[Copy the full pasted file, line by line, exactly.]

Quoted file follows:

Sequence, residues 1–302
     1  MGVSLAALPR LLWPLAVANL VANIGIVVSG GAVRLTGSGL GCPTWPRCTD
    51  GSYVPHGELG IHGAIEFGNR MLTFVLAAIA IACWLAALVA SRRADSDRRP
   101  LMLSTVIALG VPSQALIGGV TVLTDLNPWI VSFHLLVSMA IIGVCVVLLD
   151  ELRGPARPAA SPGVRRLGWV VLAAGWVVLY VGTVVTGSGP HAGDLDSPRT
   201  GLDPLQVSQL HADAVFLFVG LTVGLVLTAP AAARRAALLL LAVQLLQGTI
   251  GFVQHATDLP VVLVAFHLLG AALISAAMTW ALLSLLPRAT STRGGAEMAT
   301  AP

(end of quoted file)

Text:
Sequence, residues 1–302
     1  MGVSLAALPR LLWPLAVANL VANIGIVVSG GAVRLTGSGL GCPTWPRCTD
    51  GSYVPHGELG IHGAIEFGNR MLTFVLAAIA IACWLAALVA SRRADSDRRP
   101  LMLSTVIALG VPSQALIGGV TVLTDLNPWI VSFHLLVSMA IIGVCVVLLD
   151  ELRGPARPAA SPGVRRLGWV VLAAGWVVLY VGTVVTGSGP HAGDLDSPRT
   201  GLDPLQVSQL HADAVFLFVG LTVGLVLTAP AAARRAALLL LAVQLLQGTI
   251  GFVQHATDLP VVLVAFHLLG AALISAAMTW ALLSLLPRAT STRGGAEMAT
   301  AP